Boarding school panelists talk of maintaining cultural strengths

Last Saturday at the Sharing Our Knowledge Conference, a “Break the Silence” panel discussion highlighted a wide range of perspectives on and experiences with Alaska Native boarding schools.

Some panelists identified with the term “boarding school survivor;” others did not. Some lost their language while attending a church- or government-run institution; others did not. Even the act of recounting boarding school experiences, while healing for some, was exhausting for others.

“We have different experiences. We’re different people,” said panelist Barbara Hobbis, of the Teslin Tlingit Council in Canada’s Yukon Territory. “We come together on where we are today and where we’d like to go.”

Hobbis expressed the desire to move on from past traumas, and her remarks focused on the future of Alaska Native culture and education, rather than her personal experiences at boarding school. “We’ve been traumatized enough,” she told the Nolan Center audience. “We do not want to go back and regurgitate all those stories.”

Hobbis also stressed the importance of culturally informed education, which she uses in her classroom as a curriculum developer for the Yukon government. Alaska Native and First Nations children should be taught to be proud of who they are, she explained, and described how she used snowshoe-making activities to teach students both science and spirituality.

Panelist Sophie Jenkins, a social worker with the Yukon-Kuskokwim Health Corp., spoke about the importance of education within the family. Families, she suggested, need to prepare their children for life’s challenges, particularly mental health struggles such as depression. Members of her family were instrumental in getting an alcohol treatment center opened in Bethel.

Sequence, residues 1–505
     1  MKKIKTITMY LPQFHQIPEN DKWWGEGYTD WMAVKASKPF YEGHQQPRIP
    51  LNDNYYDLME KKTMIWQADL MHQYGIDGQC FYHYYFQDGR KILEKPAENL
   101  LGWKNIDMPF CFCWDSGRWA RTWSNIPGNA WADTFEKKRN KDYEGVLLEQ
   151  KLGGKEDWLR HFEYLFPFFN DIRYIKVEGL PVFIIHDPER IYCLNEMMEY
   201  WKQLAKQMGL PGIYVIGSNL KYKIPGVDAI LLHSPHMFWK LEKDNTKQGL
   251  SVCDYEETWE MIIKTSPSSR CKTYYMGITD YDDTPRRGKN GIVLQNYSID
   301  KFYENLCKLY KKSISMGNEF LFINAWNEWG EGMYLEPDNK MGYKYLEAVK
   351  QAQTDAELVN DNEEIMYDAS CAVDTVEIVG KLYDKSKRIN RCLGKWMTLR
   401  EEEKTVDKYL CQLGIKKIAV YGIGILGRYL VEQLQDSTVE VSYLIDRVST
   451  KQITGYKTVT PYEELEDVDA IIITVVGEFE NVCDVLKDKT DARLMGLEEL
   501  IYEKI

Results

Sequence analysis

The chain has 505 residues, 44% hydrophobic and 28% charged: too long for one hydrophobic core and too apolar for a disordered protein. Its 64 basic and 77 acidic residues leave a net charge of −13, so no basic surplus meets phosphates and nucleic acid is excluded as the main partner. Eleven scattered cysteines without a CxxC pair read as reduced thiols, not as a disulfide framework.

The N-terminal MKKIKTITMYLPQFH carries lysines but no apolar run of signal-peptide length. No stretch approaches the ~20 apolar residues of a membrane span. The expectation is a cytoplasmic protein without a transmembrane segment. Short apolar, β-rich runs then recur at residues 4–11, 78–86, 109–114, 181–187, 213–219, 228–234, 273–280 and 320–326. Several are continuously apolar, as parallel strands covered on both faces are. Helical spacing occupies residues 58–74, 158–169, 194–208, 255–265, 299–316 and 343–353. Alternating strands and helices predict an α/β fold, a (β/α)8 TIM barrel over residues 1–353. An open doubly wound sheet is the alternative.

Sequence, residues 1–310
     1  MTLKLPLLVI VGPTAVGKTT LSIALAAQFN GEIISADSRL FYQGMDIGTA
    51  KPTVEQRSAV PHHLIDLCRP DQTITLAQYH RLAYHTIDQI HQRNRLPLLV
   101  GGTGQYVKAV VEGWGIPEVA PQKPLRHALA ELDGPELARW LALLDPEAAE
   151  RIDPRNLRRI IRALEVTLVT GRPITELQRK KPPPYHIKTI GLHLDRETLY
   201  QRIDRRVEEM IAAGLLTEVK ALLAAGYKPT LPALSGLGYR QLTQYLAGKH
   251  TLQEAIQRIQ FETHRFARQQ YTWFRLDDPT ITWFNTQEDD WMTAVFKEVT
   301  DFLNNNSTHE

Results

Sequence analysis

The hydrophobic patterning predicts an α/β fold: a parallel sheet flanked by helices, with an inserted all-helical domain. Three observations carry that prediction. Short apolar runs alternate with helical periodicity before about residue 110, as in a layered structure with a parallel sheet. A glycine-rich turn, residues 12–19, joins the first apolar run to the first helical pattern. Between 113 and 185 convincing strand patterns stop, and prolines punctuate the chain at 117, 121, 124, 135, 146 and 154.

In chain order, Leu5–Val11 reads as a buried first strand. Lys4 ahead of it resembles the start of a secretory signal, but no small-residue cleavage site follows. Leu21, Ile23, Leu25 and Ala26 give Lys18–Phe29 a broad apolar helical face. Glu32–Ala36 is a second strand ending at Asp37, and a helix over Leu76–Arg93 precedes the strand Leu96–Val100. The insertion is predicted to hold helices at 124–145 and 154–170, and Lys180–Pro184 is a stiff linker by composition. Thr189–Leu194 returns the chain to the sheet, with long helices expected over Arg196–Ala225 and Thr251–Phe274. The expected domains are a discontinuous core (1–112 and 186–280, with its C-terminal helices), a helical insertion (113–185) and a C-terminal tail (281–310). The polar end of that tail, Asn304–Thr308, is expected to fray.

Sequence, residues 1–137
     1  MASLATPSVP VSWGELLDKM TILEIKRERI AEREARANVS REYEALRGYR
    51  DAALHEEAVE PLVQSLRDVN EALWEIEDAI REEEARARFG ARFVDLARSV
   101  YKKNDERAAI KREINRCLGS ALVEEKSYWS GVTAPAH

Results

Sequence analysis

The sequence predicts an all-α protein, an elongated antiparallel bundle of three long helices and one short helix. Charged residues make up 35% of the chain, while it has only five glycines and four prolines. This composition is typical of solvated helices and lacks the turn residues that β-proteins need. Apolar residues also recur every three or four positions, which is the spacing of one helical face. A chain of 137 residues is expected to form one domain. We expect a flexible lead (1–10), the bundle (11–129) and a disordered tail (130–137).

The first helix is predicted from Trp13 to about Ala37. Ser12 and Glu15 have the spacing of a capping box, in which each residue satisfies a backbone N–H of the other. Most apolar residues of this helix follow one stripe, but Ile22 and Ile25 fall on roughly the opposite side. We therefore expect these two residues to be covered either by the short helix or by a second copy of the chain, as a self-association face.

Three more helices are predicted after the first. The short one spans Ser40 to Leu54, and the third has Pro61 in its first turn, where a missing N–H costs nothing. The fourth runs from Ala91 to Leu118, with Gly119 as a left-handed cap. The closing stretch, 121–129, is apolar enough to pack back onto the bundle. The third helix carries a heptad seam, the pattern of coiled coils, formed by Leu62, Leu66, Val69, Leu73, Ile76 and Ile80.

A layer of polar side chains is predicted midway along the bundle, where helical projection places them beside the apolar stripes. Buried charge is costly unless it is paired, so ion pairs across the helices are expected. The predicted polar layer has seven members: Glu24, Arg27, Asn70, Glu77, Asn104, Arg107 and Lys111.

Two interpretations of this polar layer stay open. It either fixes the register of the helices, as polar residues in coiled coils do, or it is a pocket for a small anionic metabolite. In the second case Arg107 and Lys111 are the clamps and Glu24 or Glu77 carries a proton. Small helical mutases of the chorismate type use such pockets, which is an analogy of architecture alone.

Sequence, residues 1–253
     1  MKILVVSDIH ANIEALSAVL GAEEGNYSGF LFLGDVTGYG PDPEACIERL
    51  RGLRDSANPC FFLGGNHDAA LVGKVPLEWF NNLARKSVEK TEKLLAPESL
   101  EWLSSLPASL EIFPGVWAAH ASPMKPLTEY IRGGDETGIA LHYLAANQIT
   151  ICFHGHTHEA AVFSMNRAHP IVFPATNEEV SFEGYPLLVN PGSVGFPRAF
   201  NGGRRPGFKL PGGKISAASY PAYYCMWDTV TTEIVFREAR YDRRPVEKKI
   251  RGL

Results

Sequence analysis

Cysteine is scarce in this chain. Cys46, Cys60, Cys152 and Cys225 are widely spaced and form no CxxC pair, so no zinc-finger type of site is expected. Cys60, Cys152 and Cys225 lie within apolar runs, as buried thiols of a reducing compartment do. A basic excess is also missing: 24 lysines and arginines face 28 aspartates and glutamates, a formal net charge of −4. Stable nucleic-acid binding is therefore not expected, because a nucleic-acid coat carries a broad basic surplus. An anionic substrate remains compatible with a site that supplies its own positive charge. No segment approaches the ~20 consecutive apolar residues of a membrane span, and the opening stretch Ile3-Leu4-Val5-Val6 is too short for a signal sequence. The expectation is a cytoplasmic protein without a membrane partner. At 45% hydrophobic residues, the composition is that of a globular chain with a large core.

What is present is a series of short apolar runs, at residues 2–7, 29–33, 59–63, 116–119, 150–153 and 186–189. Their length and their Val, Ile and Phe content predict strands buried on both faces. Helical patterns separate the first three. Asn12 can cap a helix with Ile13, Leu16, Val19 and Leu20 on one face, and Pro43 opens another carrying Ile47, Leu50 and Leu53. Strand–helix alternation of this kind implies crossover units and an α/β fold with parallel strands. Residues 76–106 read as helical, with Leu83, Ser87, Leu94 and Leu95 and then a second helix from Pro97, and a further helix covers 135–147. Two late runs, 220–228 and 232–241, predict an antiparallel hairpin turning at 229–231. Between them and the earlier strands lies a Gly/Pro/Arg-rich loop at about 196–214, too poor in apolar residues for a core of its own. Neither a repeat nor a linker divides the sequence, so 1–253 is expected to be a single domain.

“My ancestors are very strong people, I believe them now,” she said, and wants to assure that “our grandchildren take after us.”

Panelist Bob Sam, a tribal council member of the Sitka Tribe of Alaska, closed the discussion with a message that expressed both great joy and deep sorrow. Sam has dedicated his life to conserving and restoring Alaska Native cemeteries. His mission is to return the bodies of children who died in boarding schools to their lineal descendants.

“Many of these children died 100 years ago,” he said. “But to our people here in Alaska, 100 years ago is just like yesterday.”

Because of the massive scope of his project, Sam recognizes the need for a collective effort. He plans to teach his nephew about his work and encouraged the audience members and community to get involved. “It’s together that we’re going to bring them home,” he said. “No one person can hold this pain.”

Sam also shared the excitement he feels seeing the recent “renaissance” of Tlingit language, culture and education. For him, the value of young people learning their language and traditions is immeasurable — “there’s no money you can put on that,” he said.

At the conclusion of the discussion, buses transported the speakers and audience to Shoemaker Bay, near the site of the former Wrangell Institute, for a healing ceremony. The federally operated boarding school operated 1932 to 1975. The borough now owns the property.


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